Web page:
Carole Curtin - VP, IR
Larissa Herda - Chairman, CEO and President
John Blount - COO
Mark Peters - EVP & CFO
David Coleman - RBC Capital Markets
Simon Flannery - Morgan Stanley
Barry McCarver - Stephens
Frank Louthan - Raymond James
Michael Rollins - Citi Investment Research
David Dixon - FBR Capital Markets
Colby Synesael - Cowen & Co.
Donna Jaegers - D.A. Davidson
Michael Funk - Bank of America Merrill Lynch
Tim Horan - Oppenheimer
tw telecom inc. (TWTC) Q3 2011 Earnings Call November 8, 2011 11:00 AM ET
Good morning, and welcome to tw telecom 's third quarter 2011 conference call. Today's call is being recorded. With us from the company are Chairman, Chief Executive Officer and President, Ms. Larissa Herda; Executive Vice President and Chief Financial Officer, Mr. Mark Peters and Chief Operating Officer Mr. John Blount. At this time, I will turn the call over to Carole Curtin, Vice President of Investor Relations. Please go ahead.
Welcome to tw telecom's conference call. We're pleased to have you join us today. To review our results for the quarter, please visit our website at www.twtelecom.com where you can find our press release, supplemental quarterly information and SEC filings.
Before we start, I'd like to draw your attention to our Safe Harbor statements included in our supplemental materials which you can find on our website. Information in our quarterly earnings materials and discussion today contain statements about future expected events and financial results that are forward-looking and are subject to risks and uncertainties. A discussion of factors that may cause our results to differ materially from our expectations is contained in our filings with the SEC under Risk Factors and elsewhere available on our website. I’d also want to point out that our earnings materials and discussion today contain certain non-GAAP financial measures. You can find reconciliations between the non-GAAP and GAAP financial measures in the materials on our website.
Now I'm pleased to introduce tw telecom's Chairman, CEO and President, Larissa Herda.
Thanks, Carole. Hi, everyone, and thank you for joining us. We delivered another quarter of strong comprehensive results including expansion of our revenue growth rate of solid EBITDA margin and healthy bottom line, ongoing free cash flow production and plenty of cash flow on the balance sheet, cash on the balance sheet available for the right strategic choices.
We are performing well both financially and operationally as we continue to invest in growth opportunities and rollout new services. Let me provide some visibility into the several indicators of ongoing momentum in the business.
Let start’s with revenue growth which continued its strong trend as we delivered just over 7% year-over-year revenue growth for the first nine months as compared to 5% growth for the same period last year which is an impressive expansion. Enterprise customers and our data and internet services continue to be our growth engine, while carrier customers provide ongoing opportunities but also contributed to some lumpiness in revenue this quarter.
Additionally, our sales funnel reflected strong ongoing market opportunities primarily driven by our data and internet growth engine including the new products we launched last year.
Moving to our booking. We had continued success with closing customer deals driven by our direct and indirect sales channels. Our bookings demonstrated ongoing strength as each quarter this year reflected growth in sales over the same quarter last year. Another positive sign is our growth in buildings connected to our fiber network as we continue to expand to more and more customer locations. In fact, we’ve already added as many buildings for the first nine months of this year as we did for all of 2010 reflecting customer wins to build into new locations as well as additional cell site locations.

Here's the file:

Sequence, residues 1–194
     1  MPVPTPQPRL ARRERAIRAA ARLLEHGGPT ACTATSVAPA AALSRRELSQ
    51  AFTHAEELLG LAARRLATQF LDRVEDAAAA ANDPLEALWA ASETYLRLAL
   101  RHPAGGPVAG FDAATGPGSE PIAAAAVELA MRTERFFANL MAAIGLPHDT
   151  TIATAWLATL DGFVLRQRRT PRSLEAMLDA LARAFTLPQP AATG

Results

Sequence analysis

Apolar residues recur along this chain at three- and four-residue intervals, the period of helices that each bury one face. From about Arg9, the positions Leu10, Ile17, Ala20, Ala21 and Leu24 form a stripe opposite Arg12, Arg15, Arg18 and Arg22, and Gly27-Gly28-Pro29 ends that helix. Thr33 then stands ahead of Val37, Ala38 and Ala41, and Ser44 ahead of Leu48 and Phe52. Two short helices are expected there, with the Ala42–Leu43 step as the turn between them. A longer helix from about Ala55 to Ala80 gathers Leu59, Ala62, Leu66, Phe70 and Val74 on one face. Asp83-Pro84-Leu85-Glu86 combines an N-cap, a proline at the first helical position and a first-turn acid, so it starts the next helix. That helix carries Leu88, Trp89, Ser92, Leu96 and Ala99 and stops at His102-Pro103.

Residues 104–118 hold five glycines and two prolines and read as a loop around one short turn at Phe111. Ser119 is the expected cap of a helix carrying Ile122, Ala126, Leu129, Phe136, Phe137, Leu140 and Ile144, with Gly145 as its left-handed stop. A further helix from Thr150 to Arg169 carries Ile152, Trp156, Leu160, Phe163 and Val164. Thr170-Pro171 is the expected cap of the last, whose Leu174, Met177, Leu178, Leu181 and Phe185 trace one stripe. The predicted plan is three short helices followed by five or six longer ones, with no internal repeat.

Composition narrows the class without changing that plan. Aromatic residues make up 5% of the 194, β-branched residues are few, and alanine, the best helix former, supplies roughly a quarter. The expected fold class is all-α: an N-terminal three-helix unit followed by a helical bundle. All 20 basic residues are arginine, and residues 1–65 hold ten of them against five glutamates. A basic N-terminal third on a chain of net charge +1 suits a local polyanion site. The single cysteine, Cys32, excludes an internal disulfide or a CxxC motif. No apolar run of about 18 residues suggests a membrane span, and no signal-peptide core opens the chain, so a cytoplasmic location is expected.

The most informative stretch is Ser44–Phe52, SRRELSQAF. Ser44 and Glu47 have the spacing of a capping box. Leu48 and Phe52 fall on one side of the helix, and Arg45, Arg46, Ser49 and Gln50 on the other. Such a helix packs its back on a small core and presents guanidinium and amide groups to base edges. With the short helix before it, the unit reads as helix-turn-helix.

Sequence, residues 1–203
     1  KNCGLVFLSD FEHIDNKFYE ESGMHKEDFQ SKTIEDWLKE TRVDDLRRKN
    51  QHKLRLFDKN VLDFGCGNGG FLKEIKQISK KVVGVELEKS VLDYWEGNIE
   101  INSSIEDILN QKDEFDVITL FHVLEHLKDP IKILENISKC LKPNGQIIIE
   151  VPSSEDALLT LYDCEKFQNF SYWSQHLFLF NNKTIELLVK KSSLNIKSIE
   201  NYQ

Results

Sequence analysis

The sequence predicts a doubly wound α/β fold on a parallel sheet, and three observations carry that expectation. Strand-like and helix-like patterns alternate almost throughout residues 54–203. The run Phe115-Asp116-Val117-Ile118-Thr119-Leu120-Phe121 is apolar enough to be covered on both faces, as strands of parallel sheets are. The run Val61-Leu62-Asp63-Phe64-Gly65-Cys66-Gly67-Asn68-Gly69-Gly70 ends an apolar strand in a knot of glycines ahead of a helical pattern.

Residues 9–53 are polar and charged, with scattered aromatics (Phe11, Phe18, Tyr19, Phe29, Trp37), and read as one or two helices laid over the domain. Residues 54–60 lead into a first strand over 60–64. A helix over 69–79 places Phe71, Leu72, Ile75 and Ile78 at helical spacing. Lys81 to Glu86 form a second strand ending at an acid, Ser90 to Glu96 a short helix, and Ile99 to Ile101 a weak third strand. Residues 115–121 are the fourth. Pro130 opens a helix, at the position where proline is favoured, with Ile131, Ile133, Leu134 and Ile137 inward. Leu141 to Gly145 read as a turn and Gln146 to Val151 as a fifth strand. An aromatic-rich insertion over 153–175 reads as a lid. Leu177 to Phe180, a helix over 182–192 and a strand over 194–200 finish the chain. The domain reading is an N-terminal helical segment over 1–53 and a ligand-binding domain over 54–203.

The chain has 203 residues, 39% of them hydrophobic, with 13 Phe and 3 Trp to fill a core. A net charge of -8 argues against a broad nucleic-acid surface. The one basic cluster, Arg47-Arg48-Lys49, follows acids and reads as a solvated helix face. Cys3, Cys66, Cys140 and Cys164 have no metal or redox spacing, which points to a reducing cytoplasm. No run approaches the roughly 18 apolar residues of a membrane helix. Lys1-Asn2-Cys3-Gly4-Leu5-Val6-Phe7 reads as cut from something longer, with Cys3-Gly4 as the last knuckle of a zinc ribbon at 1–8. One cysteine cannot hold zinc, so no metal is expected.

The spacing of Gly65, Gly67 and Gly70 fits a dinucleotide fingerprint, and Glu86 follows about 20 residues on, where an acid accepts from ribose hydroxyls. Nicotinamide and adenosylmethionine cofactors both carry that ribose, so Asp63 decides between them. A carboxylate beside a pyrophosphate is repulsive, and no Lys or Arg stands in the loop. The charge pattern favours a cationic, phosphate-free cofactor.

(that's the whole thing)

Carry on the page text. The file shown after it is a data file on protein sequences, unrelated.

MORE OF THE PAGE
Turning to customer buying sentiments, our sales leadership remains positive regarding ongoing opportunities as we continue to win sales based on our product innovation and customer service. We’re closing these deals because of our innovative and cost saving solutions as well as the fact that enterprises are under pressure to serve growing bandwidth needs. So despite the volatile marketplace, we’re finding good opportunities and customers continue to buy because the network is integral to their success.
So summing it all up, we delivered another strong quarter, driven by a consistent steady growth engine which is fueled by our new product solutions that continue to resonate with enterprises, ongoing new customer opportunities and further penetration and development of our markets. I'm now going to hand the call over to John Blount, our Chief Operating officer who can share a bit more on how we are raising the bar on our telecom services and enabling our future growth. John?
Thanks Larissa. 2011 has been a great year for us. I would like to spend a moment on what our customers are telling us, why we are winning today and how we expect to win in the future. Let’s start with what customers are telling us. Enterprises are looking for telecom providers to raise the bar to deliver the critical services they need faster, better and easier. So why faster, better and easier?
Here’s some of the complex challenges customers are faced with today including escalating bandwidth needs, the velocity and growth in network applications, the adoption of cloud and collaboration coupled with challenge of addressing security for mission-critical applications and pressure to achieve greater productivity through automation.
As a result customers have to do more, do it better and do it faster and at the same time manage costs and maintain reliability. Now that’s a sizeable requirement and it’s why these demands have added a great deal of complexity for enterprises and as a result continue to bring the importance of the network to center stage.